July 18, 2018

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Need for blood donors critical as too few people showing up to give blood

Number of no-shows a significant problem

Melonee Hunt is one of only a few donors to give blood at the Canadian Blood Services office Saturday.

RUTH BONNEVILLE / WINNIPEG FREE PRESS

Melonee Hunt is one of only a few donors to give blood at the Canadian Blood Services office Saturday.

Hey there, time traveller!
This article was published 27/9/2014 (1389 days ago), so information in it may no longer be current.

With a hospital full of trauma and cancer patients across the street, the sight of an empty waiting room on a Saturday at Canadian Blood Services' donor clinic in Winnipeg is a troubling sign.

There are too few people showing up to give blood, says the agency in charge of Canada's blood supply.

"It's a national problem, not just in Manitoba," said Pamela Mullins, the agency's regional spokeswoman.

This year, Canadian Blood Services reported 133,000 appointment cancellations and 119,000 people missing their blood-donor appointments entirely.

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Hey there, time traveller!
This article was published 27/9/2014 (1389 days ago), so information in it may no longer be current.

With a hospital full of trauma and cancer patients across the street, the sight of an empty waiting room on a Saturday at Canadian Blood Services' donor clinic in Winnipeg is a troubling sign.

There are too few people showing up to give blood, says the agency in charge of Canada's blood supply.

"It's a national problem, not just in Manitoba," said Pamela Mullins, the agency's regional spokeswoman.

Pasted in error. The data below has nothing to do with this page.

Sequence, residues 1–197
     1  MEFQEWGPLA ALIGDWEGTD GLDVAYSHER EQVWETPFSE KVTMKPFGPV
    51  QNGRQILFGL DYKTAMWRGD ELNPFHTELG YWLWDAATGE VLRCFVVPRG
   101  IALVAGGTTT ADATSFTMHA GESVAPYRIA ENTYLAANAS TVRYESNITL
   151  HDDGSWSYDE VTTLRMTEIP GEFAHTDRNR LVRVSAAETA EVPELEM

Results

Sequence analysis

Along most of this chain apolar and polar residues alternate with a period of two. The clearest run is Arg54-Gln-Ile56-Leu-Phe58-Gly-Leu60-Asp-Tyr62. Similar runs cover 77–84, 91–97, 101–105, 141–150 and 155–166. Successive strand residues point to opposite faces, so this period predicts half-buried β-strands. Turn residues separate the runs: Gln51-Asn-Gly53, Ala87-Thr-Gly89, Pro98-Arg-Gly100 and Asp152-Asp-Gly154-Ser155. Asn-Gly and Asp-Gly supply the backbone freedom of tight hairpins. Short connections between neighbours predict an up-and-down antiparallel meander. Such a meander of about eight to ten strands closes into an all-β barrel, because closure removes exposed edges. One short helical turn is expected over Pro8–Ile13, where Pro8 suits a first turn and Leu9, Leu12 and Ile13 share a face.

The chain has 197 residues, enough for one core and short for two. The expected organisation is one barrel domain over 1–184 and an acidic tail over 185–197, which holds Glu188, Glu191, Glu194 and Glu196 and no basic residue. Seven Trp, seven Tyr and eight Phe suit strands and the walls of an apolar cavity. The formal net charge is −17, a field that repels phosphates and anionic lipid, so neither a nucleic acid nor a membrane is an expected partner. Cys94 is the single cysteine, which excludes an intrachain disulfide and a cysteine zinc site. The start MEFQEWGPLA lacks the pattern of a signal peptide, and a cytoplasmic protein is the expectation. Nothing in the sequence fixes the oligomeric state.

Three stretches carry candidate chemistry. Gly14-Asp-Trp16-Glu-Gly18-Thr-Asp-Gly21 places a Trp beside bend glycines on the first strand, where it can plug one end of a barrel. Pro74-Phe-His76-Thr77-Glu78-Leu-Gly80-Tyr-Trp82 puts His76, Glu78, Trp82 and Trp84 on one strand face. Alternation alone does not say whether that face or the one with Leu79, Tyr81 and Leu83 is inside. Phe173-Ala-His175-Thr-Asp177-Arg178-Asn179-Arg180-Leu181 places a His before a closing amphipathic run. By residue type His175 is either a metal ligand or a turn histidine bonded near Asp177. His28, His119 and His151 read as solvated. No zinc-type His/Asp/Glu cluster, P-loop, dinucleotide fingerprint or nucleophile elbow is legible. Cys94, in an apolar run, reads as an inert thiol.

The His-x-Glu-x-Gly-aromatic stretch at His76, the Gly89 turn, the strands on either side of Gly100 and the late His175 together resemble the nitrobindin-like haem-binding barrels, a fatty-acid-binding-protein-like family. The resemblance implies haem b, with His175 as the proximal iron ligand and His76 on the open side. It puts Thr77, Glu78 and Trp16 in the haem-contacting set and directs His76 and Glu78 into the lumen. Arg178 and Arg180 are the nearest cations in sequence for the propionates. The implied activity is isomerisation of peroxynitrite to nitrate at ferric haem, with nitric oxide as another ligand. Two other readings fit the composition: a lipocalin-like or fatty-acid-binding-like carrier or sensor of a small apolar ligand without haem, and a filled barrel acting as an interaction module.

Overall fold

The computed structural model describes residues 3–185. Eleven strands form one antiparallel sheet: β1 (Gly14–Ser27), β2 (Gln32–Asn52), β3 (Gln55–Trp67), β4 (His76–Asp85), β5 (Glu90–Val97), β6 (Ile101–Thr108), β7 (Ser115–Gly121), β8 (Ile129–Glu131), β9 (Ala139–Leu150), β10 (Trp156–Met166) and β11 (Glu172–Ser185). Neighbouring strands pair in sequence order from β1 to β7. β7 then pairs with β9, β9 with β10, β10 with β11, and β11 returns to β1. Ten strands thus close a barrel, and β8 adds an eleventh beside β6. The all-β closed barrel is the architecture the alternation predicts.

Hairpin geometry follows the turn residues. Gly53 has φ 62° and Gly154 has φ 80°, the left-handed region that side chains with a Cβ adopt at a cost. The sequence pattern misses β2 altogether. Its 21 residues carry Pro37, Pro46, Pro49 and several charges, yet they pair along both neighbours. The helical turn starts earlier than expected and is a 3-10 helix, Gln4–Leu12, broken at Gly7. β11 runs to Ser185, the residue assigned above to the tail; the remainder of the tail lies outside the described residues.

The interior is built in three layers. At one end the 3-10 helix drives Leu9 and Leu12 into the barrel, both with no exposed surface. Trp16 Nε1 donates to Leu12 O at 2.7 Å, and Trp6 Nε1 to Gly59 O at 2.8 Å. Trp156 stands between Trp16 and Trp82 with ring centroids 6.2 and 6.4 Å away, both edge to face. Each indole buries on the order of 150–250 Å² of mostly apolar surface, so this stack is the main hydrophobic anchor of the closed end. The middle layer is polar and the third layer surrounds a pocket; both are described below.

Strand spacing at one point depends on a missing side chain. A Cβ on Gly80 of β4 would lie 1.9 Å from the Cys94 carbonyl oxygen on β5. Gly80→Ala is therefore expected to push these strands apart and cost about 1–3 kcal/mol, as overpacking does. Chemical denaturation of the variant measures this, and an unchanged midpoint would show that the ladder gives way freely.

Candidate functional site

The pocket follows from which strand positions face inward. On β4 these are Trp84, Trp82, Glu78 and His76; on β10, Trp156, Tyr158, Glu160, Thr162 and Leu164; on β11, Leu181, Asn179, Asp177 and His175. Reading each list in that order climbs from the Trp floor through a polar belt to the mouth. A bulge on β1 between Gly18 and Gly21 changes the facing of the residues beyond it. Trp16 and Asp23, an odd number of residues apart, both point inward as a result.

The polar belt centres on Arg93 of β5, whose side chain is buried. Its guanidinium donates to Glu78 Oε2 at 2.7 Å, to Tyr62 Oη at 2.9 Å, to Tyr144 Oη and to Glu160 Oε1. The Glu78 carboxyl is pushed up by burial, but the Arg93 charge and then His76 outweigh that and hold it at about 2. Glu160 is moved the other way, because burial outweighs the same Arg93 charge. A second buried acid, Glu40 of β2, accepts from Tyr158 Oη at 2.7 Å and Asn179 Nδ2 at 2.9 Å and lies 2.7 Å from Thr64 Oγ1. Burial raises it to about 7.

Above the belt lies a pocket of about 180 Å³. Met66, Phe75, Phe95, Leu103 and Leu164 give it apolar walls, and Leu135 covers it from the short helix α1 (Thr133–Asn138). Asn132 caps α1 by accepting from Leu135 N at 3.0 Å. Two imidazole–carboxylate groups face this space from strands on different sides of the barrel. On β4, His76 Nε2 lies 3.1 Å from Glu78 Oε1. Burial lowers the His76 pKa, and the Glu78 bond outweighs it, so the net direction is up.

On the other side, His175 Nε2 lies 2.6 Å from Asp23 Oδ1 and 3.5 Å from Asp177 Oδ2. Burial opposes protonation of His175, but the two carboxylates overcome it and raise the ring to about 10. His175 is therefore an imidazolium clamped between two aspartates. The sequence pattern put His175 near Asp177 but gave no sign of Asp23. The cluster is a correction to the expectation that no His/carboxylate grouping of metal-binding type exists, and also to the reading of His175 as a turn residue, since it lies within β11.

This year, Canadian Blood Services reported 133,000 appointment cancellations and 119,000 people missing their blood-donor appointments entirely.

"Just over 50 per cent of our people booking appointments aren't showing up," said Mullins.

On a Saturday, they need to screen about 120 potential donors to get 96 units of blood, said clinic supervisor Heather Mills. For example, some donors' iron is too low or they're under the weather and don't pass the screening process, the nurse said.

Melonee Hunt was one of about a half-dozen people screened and giving blood mid-morning at the William Avenue clinic.

"I have a very high iron count," said the Swan River resident.

Giving blood is supposed to help lower the amount of iron in her blood, Hunt said. She just started giving blood this summer, and her last donation was Aug. 4.

There is a big push on to get people to donate blood and encourage donors to make appointments and keep them, said Mullins. Keeping the blood supply pumping is a matter of life or death.

"People need to understand that if you don't come in, someone else is not filling in your time slot, and the blood is not being delivered," she said.

When the need for blood goes up, it's often at a time when the number of donors goes down.

"All long weekends are always a challenge, just in terms of people who leave the city and go on vacation."

Summertime and holidays when people are on the road or kicking back are also times when more accidents happen and more blood is needed.

With Thanksgiving and the festive season coming up, there needs to be more blood donated.

"We'd love nothing more than to see our clinics completely booked and full," said Mullins.

"For the next four weeks, 500 appointments are still available" at the permanent clinic across from Health Sciences Centre, she said.

She urged donors in Manitoba to take the time to call for an appointment or go online and find a mobile blood donor clinic near them.

"I understand life happens, but it's a big concern," Mullins said. "There's always a constant need... If you are a donor, bring family members along."

carol.sanders@freepress.mb.ca

Carol Sanders

Carol Sanders
Reporter

Carol Sanders’ reporting on newcomers to Canada has made international headlines, earned national recognition but most importantly it’s shared the local stories of the growing diversity of people calling Manitoba home.

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